Civil War Expansion Into Western Term Paper

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In an era that would come to be known as "Bleeding Kansas," the territory became a battleground over the slavery question. "Most settlers who had come to Kansas from the North and the South only wanted to homestead in peace. They were not interested in the conflict over slavery, but they found themselves in the midst of a battleground. Violence erupted throughout the Kansas territory between pro and anti-slavery activists, resulting in a death toll of staggering numbers. Several attempts were made to draft a constitution that Kansas could use to apply for statehood. Some versions were proslavery, others free state. Finally, a fourth convention met at Wyandotte in July 1859, and adopted a free state constitution. Kansas applied for admittance to the Union. However, the proslavery forces in the Senate strongly opposed its free state status, and stalled its admission. Only in 1861, after the Confederate states seceded, did the constitution gain approval and Kansas become a state. ("Bleeding Kansas," PBS Website, 2004)

The Fugitive Slave Act, another part of the 1850 compromise also proved less than satisfactory in clarifying issues about the legal implications of Western expansion and its relationship with the slavery question. The act's full implications came under consideration of the U.S. Supreme Court when Dred Scott, a slave, who had been purchased by army surgeon John Emerson, a citizen of Missouri, spent time in Illinois and the Wisconsin Territory, where slavery was prohibited. "After Emerson's death in 1846, Scott sued for his freedom, claiming that his journey to free soil had made him free." ("Dred Scott," 2004) the case reached the Supreme Court where a decision was reached in 1857, which found that the man was still the property of his master's heirs, because his 'time' spent in free territory did not 'cancel out' his status as a slave.

Even after Civil War, Blacks did not enjoy equal rights in both spheres of the union. The failed policies of Reconstruction ended in the election of 1876, an election that ensured that America would remained divided between North and South in its legal policies. By 1876, the country as a whole was "growing weary of Reconstruction policies, which kept federal troops stationed in several southern states." ("Elections,", 2004) the Grant administration had also become tainted by numerous scandals. In 1874 the House of Representatives had gone Democratic. The Democratic Samuel Tilden won the popular vote of the Presidential election, "but the Republicans needed all 20 contested electoral votes. Nineteen of them came from South Carolina, Louisiana, and Florida -- states that the Republicans still controlled." ("Elections,", 2004)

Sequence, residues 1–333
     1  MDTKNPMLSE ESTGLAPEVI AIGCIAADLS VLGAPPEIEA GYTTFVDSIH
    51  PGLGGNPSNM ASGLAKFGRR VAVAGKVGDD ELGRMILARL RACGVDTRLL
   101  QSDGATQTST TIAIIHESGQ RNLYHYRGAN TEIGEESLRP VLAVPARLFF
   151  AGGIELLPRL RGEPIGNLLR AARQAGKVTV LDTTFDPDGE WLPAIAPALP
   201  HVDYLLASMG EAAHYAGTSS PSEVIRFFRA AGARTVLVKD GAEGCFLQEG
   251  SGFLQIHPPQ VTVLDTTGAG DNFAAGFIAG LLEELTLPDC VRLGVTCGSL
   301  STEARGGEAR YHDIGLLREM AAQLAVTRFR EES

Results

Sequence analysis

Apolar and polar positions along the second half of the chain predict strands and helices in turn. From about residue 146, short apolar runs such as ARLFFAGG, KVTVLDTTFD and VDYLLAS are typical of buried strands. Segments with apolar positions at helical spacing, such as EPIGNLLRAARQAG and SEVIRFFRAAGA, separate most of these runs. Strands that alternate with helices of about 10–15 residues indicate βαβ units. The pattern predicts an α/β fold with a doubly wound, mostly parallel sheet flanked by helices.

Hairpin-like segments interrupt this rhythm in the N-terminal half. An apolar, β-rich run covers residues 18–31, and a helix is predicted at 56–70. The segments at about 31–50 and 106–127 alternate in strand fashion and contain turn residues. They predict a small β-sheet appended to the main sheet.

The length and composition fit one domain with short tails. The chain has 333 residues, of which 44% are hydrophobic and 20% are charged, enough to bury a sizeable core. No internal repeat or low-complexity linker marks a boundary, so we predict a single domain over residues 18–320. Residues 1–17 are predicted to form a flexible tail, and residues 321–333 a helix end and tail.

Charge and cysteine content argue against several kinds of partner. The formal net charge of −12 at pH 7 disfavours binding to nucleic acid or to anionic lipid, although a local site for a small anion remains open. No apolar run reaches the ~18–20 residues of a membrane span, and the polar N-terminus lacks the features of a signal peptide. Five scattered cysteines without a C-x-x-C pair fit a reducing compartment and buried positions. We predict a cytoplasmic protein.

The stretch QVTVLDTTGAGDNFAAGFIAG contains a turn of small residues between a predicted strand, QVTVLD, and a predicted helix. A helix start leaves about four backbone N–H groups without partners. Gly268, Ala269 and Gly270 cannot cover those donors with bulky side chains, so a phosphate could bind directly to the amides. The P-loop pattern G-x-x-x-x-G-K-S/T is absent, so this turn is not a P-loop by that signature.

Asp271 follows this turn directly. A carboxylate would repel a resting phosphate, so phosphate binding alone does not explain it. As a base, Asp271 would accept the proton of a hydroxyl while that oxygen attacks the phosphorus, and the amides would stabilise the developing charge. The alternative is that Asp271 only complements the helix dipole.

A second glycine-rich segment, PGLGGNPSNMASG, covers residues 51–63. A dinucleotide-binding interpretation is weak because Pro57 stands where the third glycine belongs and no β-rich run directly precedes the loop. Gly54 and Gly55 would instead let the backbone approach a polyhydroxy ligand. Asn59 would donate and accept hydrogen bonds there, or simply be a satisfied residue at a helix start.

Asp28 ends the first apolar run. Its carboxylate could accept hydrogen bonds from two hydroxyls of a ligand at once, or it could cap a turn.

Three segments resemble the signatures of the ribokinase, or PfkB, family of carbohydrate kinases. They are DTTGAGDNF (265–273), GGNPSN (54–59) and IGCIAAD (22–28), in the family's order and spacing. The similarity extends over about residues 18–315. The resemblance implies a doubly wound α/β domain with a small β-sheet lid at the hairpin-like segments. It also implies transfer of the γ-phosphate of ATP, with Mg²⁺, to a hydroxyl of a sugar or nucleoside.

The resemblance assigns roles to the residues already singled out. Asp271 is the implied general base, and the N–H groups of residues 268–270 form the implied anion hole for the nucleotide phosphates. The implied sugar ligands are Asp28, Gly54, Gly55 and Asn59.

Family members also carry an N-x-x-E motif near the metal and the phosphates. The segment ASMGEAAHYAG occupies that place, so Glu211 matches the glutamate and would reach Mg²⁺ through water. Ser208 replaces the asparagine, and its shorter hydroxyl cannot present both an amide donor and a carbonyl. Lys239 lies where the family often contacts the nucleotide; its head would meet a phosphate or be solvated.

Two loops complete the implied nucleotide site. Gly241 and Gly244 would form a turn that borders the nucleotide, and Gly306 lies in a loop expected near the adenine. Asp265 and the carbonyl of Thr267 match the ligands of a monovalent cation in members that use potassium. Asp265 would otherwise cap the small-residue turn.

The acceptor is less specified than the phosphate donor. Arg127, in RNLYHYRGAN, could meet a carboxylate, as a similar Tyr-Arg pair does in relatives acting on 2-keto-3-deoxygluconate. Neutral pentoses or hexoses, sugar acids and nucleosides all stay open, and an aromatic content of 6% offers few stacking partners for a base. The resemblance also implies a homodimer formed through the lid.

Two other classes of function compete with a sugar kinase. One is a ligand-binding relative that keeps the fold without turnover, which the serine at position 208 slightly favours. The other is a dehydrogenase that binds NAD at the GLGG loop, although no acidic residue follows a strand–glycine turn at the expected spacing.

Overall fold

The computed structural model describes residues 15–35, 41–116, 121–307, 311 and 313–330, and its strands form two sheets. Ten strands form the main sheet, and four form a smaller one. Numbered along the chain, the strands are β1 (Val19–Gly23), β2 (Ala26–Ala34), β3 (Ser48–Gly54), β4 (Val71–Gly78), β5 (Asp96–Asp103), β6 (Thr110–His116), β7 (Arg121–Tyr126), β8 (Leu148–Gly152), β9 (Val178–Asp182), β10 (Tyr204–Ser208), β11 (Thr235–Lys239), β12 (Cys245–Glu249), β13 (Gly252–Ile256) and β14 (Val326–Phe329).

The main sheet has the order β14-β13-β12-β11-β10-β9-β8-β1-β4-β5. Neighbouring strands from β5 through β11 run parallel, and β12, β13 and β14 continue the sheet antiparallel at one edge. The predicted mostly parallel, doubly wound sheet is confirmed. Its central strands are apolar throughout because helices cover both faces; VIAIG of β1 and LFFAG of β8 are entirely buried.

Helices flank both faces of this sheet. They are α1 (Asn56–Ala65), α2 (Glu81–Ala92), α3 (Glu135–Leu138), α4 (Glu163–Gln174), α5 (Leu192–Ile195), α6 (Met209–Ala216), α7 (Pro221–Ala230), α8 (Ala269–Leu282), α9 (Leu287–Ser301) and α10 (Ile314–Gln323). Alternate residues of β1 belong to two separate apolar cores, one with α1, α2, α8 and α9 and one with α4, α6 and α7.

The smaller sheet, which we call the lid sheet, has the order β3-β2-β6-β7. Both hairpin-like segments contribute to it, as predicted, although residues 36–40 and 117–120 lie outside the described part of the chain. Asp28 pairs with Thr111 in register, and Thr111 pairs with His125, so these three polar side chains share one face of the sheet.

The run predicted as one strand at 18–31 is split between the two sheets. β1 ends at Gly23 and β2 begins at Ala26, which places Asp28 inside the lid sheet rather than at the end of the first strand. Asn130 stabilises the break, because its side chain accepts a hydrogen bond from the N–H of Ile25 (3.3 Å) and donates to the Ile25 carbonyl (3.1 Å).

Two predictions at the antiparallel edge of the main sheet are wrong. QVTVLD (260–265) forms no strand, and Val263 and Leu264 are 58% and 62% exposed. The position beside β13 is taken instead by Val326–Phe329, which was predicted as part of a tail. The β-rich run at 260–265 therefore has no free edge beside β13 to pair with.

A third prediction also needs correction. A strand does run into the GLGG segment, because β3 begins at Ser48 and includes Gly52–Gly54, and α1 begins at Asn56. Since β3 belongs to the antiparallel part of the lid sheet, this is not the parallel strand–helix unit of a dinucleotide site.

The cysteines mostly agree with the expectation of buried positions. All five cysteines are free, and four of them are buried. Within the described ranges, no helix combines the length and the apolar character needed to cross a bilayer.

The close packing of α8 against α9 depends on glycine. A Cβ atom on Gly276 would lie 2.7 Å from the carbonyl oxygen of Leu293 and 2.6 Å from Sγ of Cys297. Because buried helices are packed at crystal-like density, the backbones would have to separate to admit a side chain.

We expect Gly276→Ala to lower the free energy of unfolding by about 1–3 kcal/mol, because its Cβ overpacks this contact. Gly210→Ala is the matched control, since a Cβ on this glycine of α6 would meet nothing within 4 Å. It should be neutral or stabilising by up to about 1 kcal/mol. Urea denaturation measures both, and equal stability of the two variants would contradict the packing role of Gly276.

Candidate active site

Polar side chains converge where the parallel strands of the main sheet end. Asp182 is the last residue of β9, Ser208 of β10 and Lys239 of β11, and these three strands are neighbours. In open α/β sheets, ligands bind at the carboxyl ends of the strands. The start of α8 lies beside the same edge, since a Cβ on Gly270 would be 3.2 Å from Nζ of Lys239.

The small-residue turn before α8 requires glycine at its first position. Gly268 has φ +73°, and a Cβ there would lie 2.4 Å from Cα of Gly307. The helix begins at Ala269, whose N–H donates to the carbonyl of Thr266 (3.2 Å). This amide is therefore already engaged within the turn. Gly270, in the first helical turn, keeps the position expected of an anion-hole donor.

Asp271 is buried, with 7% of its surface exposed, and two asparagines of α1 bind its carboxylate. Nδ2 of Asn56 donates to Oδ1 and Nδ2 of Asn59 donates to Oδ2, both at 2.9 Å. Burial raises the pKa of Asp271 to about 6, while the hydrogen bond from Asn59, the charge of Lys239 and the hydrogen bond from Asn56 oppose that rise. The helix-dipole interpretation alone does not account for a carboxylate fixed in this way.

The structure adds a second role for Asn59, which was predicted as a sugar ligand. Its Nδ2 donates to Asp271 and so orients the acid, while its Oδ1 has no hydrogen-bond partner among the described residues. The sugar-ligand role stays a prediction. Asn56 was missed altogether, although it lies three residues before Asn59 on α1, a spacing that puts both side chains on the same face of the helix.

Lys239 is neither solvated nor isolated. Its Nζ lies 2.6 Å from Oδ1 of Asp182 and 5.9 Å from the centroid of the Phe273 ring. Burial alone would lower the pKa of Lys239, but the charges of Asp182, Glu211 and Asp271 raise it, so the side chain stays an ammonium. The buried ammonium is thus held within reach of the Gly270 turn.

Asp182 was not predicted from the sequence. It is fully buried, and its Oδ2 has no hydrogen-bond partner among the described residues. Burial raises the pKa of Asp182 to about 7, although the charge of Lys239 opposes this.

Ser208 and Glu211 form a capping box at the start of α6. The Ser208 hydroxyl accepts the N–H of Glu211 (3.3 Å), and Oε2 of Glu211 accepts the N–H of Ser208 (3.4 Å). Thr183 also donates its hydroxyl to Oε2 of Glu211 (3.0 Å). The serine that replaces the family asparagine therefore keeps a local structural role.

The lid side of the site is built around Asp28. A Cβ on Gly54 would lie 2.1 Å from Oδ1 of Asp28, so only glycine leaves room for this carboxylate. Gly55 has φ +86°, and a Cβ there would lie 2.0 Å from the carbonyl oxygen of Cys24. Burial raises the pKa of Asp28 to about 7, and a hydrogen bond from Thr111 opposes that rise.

All of these states were suspect, because of the Democratic state's tampering with Black voter's access to voting polls. "Protesting Democratic treatment of black voters, Republicans insisted that Hayes had carried those states but that Democratic electors had voted for Tilden. Two sets of election returns existed -- one from the Democrats, one from the Republicans. Congress had to determine the authenticity of the disputed returns. Unable to decide, legislators established a fifteen-member commission composed of ten congressmen and five Supreme Court justices. The commission was supposed to be nonpartisan, but ultimately it consisted of eight Republicans and seven Democrats. The final decision was to be rendered by the commission unless both the Senate and the House rejected it. The commission accepted the Republican vote in each state. The House disagreed, but the Senate concurred, and Hayes and Wheeler were declared president and vice president." ("Elections,", 2004) Even after the decision, however, the tensions between the two regions remained. In the aftermath of the commission's decision, the federal troops that remained in the South were withdrawn, thus ending Reconstruction and the commitment of the federal government to create an equal America for the four million African-Americans living in the region.

Works Cited

1850 Compromise." PBS Website. 2004

Bleeding Kansas." PBS Website. 2004

Dred Scott." U.S. History. 2004.

Elections." Answers. Com. American History information about Elections from the Reader's Companion to American History, Eric Foner and John a. Garraty, Editors, published by Houghton Mifflin Company. All rights reserved. More from American History. 2004.

The Louisiana Purchase." History of the Louisiana Purchase. 2005.

The Northwest Ordinance of 1787."

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